SAN FRANCISCO -- The Energy Department must reconsider California's energy- and water-saving standards for residential washing machines, a federal court ruled this week.
The 9th U.S. Circuit Court of Appeals here Wednesday overturned DOE's 2006 decision denying California a waiver from the federal Energy Policy and Conservation Act of 1975. On the books since 2002, the rule would require washers sold in 2007 to use no more than 8.5 gallons of water per cubic foot of washing machine capacity, falling to 6 gallons by 2010.
The court found DOE did not adequately justify its denial of the waiver. DOE had denied it partly on grounds that the standards would take effect too soon for manufacturers to comply, but the court said the timeline could have been easily adjusted. DOE also erred in assuming that the standards would prohibit the sale of top-loading washers in California, the court said.
"Clothes washers that use less according to these standards will eventually save enough to supply a city the size of San Diego every year," California Energy Commission Chairwoman Karen Douglas said in a statement on the ruling. The standard would save 18 gallons of water per wash, or 7,095 gallons per year, over typical washing machines.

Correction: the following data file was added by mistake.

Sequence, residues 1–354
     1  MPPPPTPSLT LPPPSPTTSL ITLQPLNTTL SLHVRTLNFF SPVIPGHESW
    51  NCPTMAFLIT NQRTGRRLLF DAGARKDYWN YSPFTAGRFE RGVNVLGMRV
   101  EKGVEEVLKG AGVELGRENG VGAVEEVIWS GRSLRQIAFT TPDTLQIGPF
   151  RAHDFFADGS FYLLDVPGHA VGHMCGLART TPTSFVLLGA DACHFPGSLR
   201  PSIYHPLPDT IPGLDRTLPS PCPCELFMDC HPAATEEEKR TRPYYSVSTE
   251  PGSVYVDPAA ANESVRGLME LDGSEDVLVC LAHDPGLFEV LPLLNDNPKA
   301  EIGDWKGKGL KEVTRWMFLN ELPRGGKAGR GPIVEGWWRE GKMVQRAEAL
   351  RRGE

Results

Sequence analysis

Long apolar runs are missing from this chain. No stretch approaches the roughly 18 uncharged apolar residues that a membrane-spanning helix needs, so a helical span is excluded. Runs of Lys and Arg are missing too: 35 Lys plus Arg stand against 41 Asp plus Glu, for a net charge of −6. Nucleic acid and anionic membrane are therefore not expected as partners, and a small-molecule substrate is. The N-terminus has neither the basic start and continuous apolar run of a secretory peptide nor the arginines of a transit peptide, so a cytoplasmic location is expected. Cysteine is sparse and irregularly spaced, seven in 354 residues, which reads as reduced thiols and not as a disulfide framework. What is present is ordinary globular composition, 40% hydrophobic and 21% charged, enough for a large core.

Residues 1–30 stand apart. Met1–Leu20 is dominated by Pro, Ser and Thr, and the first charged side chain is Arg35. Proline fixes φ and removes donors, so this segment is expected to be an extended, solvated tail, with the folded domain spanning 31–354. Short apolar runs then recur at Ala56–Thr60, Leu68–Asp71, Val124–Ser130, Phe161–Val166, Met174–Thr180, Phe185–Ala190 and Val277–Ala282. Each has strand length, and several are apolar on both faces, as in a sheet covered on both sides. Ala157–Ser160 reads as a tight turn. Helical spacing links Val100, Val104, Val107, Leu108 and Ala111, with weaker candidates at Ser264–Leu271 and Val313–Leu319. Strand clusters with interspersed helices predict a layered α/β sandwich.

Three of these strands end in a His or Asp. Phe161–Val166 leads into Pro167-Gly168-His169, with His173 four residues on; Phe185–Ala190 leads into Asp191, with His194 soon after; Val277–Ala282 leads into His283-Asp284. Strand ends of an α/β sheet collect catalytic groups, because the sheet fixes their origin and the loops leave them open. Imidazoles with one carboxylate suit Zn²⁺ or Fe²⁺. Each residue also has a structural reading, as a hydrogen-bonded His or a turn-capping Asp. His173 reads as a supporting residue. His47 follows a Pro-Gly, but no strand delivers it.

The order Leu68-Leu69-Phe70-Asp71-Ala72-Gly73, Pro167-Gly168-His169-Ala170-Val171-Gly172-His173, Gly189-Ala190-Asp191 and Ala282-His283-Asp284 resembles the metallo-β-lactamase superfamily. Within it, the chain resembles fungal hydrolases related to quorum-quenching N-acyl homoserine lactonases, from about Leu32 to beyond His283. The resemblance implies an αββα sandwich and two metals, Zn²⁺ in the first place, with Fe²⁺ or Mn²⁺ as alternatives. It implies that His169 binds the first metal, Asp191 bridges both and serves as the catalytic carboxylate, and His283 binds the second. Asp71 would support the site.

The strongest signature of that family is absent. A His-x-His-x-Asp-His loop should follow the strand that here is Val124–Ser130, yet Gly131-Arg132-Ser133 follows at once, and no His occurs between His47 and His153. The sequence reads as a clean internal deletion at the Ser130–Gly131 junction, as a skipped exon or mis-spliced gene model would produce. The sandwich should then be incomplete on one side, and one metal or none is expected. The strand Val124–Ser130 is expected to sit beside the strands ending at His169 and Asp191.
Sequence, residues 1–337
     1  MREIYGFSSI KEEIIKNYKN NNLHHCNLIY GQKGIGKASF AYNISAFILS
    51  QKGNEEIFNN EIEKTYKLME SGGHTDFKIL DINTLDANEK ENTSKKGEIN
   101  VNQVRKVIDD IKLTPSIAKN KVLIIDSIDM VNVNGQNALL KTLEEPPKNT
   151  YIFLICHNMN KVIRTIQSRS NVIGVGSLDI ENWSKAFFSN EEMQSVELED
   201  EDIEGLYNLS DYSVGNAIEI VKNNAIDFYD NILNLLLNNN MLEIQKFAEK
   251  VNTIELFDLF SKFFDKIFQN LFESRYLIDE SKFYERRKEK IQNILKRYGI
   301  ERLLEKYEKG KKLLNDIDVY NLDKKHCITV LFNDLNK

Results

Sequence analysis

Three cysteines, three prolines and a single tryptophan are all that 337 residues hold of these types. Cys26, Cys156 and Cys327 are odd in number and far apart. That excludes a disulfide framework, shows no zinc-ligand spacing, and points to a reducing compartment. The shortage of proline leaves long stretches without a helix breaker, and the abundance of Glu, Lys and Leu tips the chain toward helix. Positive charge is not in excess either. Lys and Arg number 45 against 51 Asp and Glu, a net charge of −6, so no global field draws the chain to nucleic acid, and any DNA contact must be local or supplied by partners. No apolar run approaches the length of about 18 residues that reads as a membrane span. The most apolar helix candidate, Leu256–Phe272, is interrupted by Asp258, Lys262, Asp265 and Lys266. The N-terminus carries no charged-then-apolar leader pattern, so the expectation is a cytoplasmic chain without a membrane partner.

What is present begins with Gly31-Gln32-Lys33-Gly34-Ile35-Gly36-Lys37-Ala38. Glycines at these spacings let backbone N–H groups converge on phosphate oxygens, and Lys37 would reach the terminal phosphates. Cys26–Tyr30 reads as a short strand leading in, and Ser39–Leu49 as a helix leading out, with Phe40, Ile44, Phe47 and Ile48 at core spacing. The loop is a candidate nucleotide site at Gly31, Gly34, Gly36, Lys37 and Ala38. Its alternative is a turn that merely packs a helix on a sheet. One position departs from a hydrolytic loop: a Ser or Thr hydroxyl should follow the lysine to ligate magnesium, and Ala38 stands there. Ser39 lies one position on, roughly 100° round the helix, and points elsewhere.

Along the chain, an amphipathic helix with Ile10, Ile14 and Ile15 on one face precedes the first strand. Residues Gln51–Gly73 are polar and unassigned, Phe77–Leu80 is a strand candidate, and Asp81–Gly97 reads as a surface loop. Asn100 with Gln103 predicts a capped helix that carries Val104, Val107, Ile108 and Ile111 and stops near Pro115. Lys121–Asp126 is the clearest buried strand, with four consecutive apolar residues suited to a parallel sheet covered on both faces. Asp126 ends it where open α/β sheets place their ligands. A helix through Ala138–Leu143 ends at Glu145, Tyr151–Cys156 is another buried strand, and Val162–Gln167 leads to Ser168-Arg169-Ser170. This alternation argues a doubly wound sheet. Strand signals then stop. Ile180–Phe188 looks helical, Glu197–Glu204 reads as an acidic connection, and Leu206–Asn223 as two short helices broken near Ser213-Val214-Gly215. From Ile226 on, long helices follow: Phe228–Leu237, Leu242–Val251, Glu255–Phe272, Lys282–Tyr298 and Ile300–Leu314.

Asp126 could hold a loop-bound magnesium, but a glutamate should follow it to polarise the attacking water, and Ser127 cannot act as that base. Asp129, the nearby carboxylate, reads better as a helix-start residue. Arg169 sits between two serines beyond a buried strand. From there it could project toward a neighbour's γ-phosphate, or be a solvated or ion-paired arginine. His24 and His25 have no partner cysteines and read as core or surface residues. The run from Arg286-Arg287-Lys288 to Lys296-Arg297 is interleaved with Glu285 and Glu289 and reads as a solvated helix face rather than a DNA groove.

The court recognized California's unusual need for water efficiency.
"California has no new significant conventional supplies available to increase the amount of water available to its citizens," Judge William Canby Jr. wrote in the decision. "It thus must pursue alternative solutions to the crisis, including efforts at water recycling, desalination, and increased water efficiency."
The standard now heads back to DOE.
"The court's decision does not mean that California's washer efficiency standard will go into effect immediately, but we have reason to hope that, under new leadership, the Department of Energy will see the many benefits of such a standard," wrote Kristin Grenfell, Western legal director for the Natural Resources Defense Council.
Click here to read the ruling.